}
 
MyClass& MyClass::operator=(const MyClass &other)
{
  myID = other.myID;
  printf("%p: MyClass = %p: MyClass(%d)\n", this, &other, myID);
 
  return *this;
}
 
 
int main()
{
  std::map<int, MyClass> one;
  std::map<int, MyClass> two;
 
  printf("Adding 11 to one\n");
  one[11] = MyClass(11);
  printf("Adding 12 to one\n");
  one[12] = MyClass(12);
  printf("Adding 21 to two\n");
  two[21] = MyClass(21);
  printf("Adding 22 to two\n");
  two[22] = MyClass(22);
 
  printf("Contents of one:\n");
  for (std::map<int, MyClass>::iterator it = one.begin();
       it != one.end(); ++it) {
    printf("  %d: %d\n", it->first, it->second.getID());
  }
  printf("Contents of two:\n");
  for (std::map<int, MyClass>::iterator it = two.begin();
       it != two.end(); ++it) {
    printf("  %d: %d\n", it->first, it->second.getID());
  }
 
  printf("Calling one.swap(two)\n");
  one.swap(two);
 
  printf("Contents of one:\n");
  for (std::map<int, MyClass>::iterator it = one.begin();
       it != one.end(); ++it) {
    printf("  %d: %d\n", it->first, it->second.getID());
  }
  printf("Contents of two:\n");
  for (std::map<int, MyClass>::iterator it = two.begin();
       it != two.end(); ++it) {
    printf("  %d: %d\n", it->first, it->second.getID());
  }
 
  printf("Clearing two\n");
  two.clear();
 
  printf("Exiting now\n");
  return 0;
}

Typical Output

In contrast with the std::list example above, std::map invokes a substantial number of copy operations in the process of adding an element via assignment, as is done above.

First, an in-place instance is constructed on the stack in response to the expression MyClass(11) as was done for std::list. Next, the default constructor is called to instantiate the instance in the map on the left-hand side of the assignment, and placement new is used to copy this into the map — I'm currently not sure why there appears to be yet another additional temporary value used in the process. At this point the destructors of both temporary instances are invoked. Then the assignment operator is used to overwrite the value in the map with the in-place instance created earlier. Finally, the destructor for the in-place instance is called, as with std::list.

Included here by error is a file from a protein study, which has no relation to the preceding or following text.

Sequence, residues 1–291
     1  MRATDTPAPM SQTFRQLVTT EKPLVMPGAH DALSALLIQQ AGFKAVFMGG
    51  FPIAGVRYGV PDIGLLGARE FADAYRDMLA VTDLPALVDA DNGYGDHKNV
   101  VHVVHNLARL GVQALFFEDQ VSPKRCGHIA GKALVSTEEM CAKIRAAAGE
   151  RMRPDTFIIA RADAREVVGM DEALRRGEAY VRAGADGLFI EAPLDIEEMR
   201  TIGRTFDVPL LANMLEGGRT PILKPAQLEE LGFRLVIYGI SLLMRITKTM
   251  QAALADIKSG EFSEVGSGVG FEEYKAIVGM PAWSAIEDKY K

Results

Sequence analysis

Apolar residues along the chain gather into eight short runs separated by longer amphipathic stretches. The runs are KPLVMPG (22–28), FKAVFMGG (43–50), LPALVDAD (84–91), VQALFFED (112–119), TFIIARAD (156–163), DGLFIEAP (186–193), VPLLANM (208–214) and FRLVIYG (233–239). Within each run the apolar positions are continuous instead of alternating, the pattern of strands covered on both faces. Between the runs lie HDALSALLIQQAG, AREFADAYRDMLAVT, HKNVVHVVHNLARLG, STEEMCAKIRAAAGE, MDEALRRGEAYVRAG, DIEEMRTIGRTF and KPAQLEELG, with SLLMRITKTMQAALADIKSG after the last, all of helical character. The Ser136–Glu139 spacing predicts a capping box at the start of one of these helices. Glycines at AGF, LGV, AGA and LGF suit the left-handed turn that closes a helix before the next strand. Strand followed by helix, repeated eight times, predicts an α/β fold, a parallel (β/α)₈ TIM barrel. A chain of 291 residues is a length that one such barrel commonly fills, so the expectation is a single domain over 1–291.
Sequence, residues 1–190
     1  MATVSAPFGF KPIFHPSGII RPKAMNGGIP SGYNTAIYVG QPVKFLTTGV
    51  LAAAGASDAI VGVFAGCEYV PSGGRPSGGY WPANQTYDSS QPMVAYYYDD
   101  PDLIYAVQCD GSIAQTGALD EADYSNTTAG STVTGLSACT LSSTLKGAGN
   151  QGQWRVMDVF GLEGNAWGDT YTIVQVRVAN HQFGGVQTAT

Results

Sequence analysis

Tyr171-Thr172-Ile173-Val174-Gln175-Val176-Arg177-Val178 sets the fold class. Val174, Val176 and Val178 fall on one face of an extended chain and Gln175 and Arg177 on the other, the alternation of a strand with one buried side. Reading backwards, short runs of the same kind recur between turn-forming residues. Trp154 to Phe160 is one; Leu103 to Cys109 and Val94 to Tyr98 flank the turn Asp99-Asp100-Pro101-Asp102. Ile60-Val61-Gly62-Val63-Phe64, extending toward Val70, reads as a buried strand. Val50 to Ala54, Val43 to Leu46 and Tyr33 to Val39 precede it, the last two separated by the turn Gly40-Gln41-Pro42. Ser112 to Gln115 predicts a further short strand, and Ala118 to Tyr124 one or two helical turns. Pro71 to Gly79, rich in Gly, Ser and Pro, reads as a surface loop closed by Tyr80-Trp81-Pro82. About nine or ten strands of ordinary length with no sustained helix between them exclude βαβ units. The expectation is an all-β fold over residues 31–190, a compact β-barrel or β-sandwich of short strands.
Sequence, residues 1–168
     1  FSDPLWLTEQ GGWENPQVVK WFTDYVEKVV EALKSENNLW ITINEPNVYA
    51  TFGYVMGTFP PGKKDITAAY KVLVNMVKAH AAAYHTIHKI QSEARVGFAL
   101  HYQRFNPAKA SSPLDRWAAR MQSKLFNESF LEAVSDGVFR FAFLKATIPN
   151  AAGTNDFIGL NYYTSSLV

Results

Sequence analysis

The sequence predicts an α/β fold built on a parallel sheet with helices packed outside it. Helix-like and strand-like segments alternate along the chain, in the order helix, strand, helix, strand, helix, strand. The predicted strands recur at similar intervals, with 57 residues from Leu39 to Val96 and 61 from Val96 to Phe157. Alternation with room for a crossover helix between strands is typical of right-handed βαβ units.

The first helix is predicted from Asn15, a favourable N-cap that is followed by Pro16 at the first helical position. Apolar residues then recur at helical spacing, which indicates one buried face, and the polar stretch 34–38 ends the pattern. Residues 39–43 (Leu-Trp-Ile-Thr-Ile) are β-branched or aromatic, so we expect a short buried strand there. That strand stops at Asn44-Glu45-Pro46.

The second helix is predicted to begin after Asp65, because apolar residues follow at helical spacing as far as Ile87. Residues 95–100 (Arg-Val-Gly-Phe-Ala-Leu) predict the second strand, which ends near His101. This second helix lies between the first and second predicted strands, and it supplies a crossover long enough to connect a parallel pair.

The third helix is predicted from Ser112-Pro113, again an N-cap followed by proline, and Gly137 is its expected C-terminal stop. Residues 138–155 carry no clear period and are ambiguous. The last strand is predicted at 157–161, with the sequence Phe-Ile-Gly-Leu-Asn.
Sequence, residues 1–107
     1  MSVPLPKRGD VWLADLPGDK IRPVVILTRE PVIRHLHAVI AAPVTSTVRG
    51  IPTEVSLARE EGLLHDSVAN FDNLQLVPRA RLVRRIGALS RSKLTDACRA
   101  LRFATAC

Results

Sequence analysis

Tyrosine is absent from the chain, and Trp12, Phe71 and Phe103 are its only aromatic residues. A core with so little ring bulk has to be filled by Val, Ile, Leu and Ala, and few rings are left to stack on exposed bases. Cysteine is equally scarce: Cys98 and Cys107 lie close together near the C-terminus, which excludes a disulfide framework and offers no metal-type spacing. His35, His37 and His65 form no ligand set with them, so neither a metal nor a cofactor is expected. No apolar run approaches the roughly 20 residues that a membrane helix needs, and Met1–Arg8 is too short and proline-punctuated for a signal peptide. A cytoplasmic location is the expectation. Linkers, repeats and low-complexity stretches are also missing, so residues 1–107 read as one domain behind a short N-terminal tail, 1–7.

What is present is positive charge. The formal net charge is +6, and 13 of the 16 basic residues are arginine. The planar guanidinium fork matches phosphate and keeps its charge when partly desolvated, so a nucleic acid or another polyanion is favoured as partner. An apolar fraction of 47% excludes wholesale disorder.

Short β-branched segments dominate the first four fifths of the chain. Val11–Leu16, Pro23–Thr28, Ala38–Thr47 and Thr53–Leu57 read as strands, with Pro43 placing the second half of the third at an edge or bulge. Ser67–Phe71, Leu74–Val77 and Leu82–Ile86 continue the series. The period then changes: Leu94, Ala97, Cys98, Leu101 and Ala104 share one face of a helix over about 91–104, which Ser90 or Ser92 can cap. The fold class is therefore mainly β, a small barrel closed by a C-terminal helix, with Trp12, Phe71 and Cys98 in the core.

Adding 11 to one
0x7fff67f4ef30: MyClass(11)
0x7fff67f4ee50: MyClass()
0x7fff67f4ee44: MyClass(0x7fff67f4ee50: MyClass(-1))
0x1edb034: MyClass(0x7fff67f4ee44: MyClass(-1))
0x7fff67f4ee44: ~MyClass(-1)
0x7fff67f4ee50: ~MyClass(-1)
0x1edb034: MyClass = 0x7fff67f4ef30: MyClass(11)
0x7fff67f4ef30: ~MyClass(11)
Adding 12 to one
0x7fff67f4ef40: MyClass(12)
0x7fff67f4ee50: MyClass()
0x7fff67f4ee44: MyClass(0x7fff67f4ee50: MyClass(-1))
0x1edb064: MyClass(0x7fff67f4ee44: MyClass(-1))
0x7fff67f4ee44: ~MyClass(-1)
0x7fff67f4ee50: ~MyClass(-1)
0x1edb064: MyClass = 0x7fff67f4ef40: MyClass(12)
0x7fff67f4ef40: ~MyClass(12)
Adding 21 to two
0x7fff67f4ef50: MyClass(21)
0x7fff67f4ee50: MyClass()
0x7fff67f4ee44: MyClass(0x7fff67f4ee50: MyClass(-1))
0x1edb094: MyClass(0x7fff67f4ee44: MyClass(-1))
0x7fff67f4ee44: ~MyClass(-1)
0x7fff67f4ee50: ~MyClass(-1)
0x1edb094: MyClass = 0x7fff67f4ef50: MyClass(21)
0x7fff67f4ef50: ~MyClass(21)
Adding 22 to two
0x7fff67f4ef60: MyClass(22)
0x7fff67f4ee50: MyClass()
0x7fff67f4ee44: MyClass(0x7fff67f4ee50: MyClass(-1))
0x1edb0c4: MyClass(0x7fff67f4ee44: MyClass(-1))
0x7fff67f4ee44: ~MyClass(-1)
0x7fff67f4ee50: ~MyClass(-1)
0x1edb0c4: MyClass = 0x7fff67f4ef60: MyClass(22)
0x7fff67f4ef60: ~MyClass(22)
Contents of one:
  11: 11
  12: 12
Contents of two:
  21: 21
  22: 22
Calling one.swap(two)
Contents of one:
  21: 21
  22: 22
Contents of two:
  11: 11
  12: 12
Clearing two
0x1edb064: ~MyClass(12)
0x1edb034: ~MyClass(11)
Exiting now
0x1edb0c4: ~MyClass(22)
0x1edb094: ~MyClass(21)
notes/stl_allocation_example.1361811987.txt.gz · Last modified: 2013/02/25 17:06 by andy